impssible

  8. #8
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    Re: Do you believe in the supernatural?

    There isn't an option for my position: Yes--I don't think there's any evidence for it.

    Because there are multiple possible causes for any particular effect, deducing the Creator from the Creation is problematic. No matter how probable, an alternate possibility always exists that cannot be discarded. In most circumstances, people "play the odds" as it were, and believe that the hoofbeats they hear are coming from a horse, not a zebra. This is generally a prudent course--but not always the right one. If there's a 99% possibility for event [x] and a 1% possibility for event [y], it would be prudent to select event [x]--but you'd be wrong 1% of the time. Choosing which possibility to "believe" is, imo, a leap of faith.

    EDIT: I should add that I DO believe that evidence does exist for the supernatural--just not UNIQUE evidence that exclusively supports the supernatural. Different theories may rely on the same evidence but draw radically different and perhaps contradictory conclusions; this does not mean that the evidence at hand supports only one of the theories, but that additional evidence is required.
    If I am capable of grasping God objectively, I do not believe, but precisely because I cannot do this I must believe. - Soren Kierkegaard
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  9. #9
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    Re: Do you believe in the supernatural?

    I'm partial to an naturalistic explanation, one without ghosts or Gods, but ultimately I can't say for certain either way. I think that I keep this view because of the dominant trend toward the gods of the gaps and the idea that a naturalistic solution has a certain purity of concept in my mind. I'll address both.

    The god of gaps mentality has been around for ages...pretty much as long as we can track human civilization back. Every culture seems to have its own creation myth involving mysterious forces. Early civilizations thought that the gods were responsible for everything: the flooding of the rivers, the failure of crops, the outcome of battles, etc. As time moved on, we began to realize that less and less of these things were at least directly attributable to the gods. We now know that the Nile floods in the pattern it does because of the pattern of rain in the region surrounding Lake Tana in Ethiopia, not because the Egyptian pantheon decreed a flood. As modern science progresses, we learn so much more about the physical mechanisms of nature. We know about atoms and subatomic particles. We know about the general workings of cells, which make up all life and we are beginning to scratch the surface of the specifics. As we accumulate all this knowledge there is less need for gods to give us a reason for the way things are. Why did the river flood? Because of the rainfall upstream. Why did the crops fail? Because of a weather pattern in the South Pacific that brings a drier climate to your region. This trend biases me towards a more naturalistic view of things and gives me an attitude that we will find another mechanism.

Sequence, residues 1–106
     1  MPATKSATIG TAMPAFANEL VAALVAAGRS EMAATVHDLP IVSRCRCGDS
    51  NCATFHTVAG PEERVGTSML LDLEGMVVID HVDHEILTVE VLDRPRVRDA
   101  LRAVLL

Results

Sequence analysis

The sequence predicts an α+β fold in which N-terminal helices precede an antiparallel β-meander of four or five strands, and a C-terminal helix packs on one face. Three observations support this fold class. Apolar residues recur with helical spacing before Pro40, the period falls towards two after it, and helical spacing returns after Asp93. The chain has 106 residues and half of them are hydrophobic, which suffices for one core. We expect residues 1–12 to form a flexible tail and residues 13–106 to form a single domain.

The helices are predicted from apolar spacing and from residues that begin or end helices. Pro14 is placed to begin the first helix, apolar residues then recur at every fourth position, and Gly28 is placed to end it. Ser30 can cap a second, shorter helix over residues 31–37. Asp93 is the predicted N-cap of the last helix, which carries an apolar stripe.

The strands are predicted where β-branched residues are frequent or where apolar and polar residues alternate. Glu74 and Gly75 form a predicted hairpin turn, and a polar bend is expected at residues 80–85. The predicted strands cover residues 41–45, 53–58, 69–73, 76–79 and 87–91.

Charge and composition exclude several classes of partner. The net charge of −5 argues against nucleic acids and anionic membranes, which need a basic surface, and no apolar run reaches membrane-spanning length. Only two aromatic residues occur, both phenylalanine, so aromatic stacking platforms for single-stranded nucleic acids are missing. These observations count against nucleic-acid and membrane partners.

This ties in to the second reason that I view the universe as more naturalistic. I am more comfortable with a universe that is able to work on its own. A universe that needs a manager to give it a push every now and then seems imperfect in my mind. This is not to say that I view the situation of life as ideal, but the idea that the universe has a manager who runs certain parts that wouldn't run on their own leaves something to be desired in my mind. This idea also makes me more simpathetic to the SPID concept which I put forward in another thread, though as I said I am biased toward a naturalistic view, so I place SPID as a second plausablity.
    孟柏民
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    Re: Do you believe in the supernatural?

    Quote Originally Posted by Theophage
    I am of the opinion that whatever exists is "natural" by definition. But much, if not all, of what people now call "supernatural" is always (when a cause is known) is not really amazing or special at all.

    I certainly do think that there are things which are really wild and of course there is alot of things in the universe which is unexplained. I just don't think it is reasonable to leap to a supernatural, physics defying explanation everytime just because something is strange or unexplained.